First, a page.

Every year at the beginning of the tax season, our AARP Tax Aide outposts in the public libraries are mobbed. These free tax preparation service sites are first come, first served, which enables us to do far more tax returns in a day than if we took appointments. That’s because there is no way of knowing in advance how complex a person’s tax situation may be. (Our favorite taxpayer claim is “This will be simple.” Right. If it’s so simple, why couldn’t you do it yourself? Aha! Because it’s not simple at all.)
I’ve done tax returns—accurately—in as little as five minutes. This week I did one that took two hours, and it wasn’t even that complicated, just a ton of information from multiple sources that had to be correctly identified and input so it would correlate. Two hours. The usual appointment time at sites that take appointments, such as the senior center, is half an hour or forty-five minutes. Not long enough for the really detailed returns, and far too long for the simple ones. So you see why first-come first served makes sense, although we are not happy to see a crowd of people staring at us, waiting, for hours at a time. They look bored, tense, and miserable. They seldom read anything even though they are at the public library. Their kids, whom they sometimes must bring with them, are usually ready to climb the walls.
Yesterday I was in the reverse position, waiting in an eye doctor’s office with thirty-five other people. I’ve never visited this retina practice when it wasn’t exactly this crowded. On previous visits, the office staff has claimed that one of the doctors was on vacation. Yesterday I didn’t even bother to ask, because obviously this practice is run on the scarcity paradigm we use when doing taxes.
But here’s the difference. These doctors know what we’re here for, so they know in advance how much time and how many resources we’re likely to take up. And still they have us waiting for two hours before getting to even the first bit of an eye exam. They chronically underestimate how much time it takes to do their jobs.
I hate that we have to make people wait for hours for get their taxes done, but that mostly happens in early February when people are eager, not to say desperate, to get their thousands of dollars in Earned Income Credit. They don’t have to do it then, and they can choose other volunteer tax prep sites that take appointments so they wouldn’t have to wait at all. People coming to see doctors don’t have those choices. Unless the office staff tells us in advance that we’ll have to wait a while to be “fit in” for a rush appointment, we walk in blind, never knowing if we’ll find a sea of people in the waiting room, or nobody. But the doctors have to know. The staff has to know. Why don’t they call and warn people that the doctors are running late? Why not offer a later appointment time? During the two hours I waited yesterday, I had time to write this and another blog post, too. And chat with total strangers. And take a nap. And be bored. What a waste of my valuable time! And all for the two to three minutes that the specialist actually devoted to me, and the five to ten minutes that a technician gave me for an eye test a few minutes before that. A doctor might not know if he’s running thirty minutes late, but he certainly knows when he’s running two hours late. I asked him about it, and he said they actually worked on Sunday, too. So he’s working very long hours, giving his expertise to many more patients than is sane. And meanwhile, we’re feeling abused in the waiting room. There’s a huge disconnect occurring.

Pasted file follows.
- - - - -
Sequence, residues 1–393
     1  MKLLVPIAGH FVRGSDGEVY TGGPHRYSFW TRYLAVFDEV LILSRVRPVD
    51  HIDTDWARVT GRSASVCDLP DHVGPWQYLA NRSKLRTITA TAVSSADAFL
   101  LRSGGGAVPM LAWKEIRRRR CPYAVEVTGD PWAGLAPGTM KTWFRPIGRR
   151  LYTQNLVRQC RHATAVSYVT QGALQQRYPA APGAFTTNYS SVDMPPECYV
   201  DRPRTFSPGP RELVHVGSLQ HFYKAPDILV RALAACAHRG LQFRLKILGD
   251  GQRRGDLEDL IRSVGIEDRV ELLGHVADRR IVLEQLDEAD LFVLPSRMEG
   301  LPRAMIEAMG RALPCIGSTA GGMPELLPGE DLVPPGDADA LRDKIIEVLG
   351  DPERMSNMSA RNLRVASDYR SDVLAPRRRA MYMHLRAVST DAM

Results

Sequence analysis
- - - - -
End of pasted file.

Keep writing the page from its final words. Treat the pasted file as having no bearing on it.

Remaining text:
I have to wonder if this situation is good for either side. Does a doctor overworking actually require the abuse of patients? Does the anger we patients feel harm the delivery of medical advice or treatment? At some point, the doctors have to catch up on their two hours wait time—or do they ever? And if not, why are they allowing their staff to make so many appointments? Do they have a god complex and feel they must do it all rather than refer people to other medical groups? From talking to the staff, I could tell that they get some pretty unhappy comments from patients, but they feel helpless to deal with it. The doctors call the shots, after all, not the office staff or the techs. After waiting for over two hours to see a doctor for three minutes, I feel rushed and angry, and reluctant to put myself through this kind of experience again. Even for the sake of my eyesight. Am I also reluctant to follow the doctor’s suggestions? Likely. Am I considering switching doctors? Possibly, although I believe this is a fine doctor who truly knows his stuff. He only needs a couple of minutes to examine my eyes and identify my issues. So why do I need to wait two hours for my audience with the Great One?
I’m sure that people waiting at the tax prep spots experience the same frustrations I am citing. But they can walk out at any time, come in during any hours we’re open, do their taxes themselves, utilize free online e-filing, and more. I can’t do my own eye exams, and that’s the crunch issue.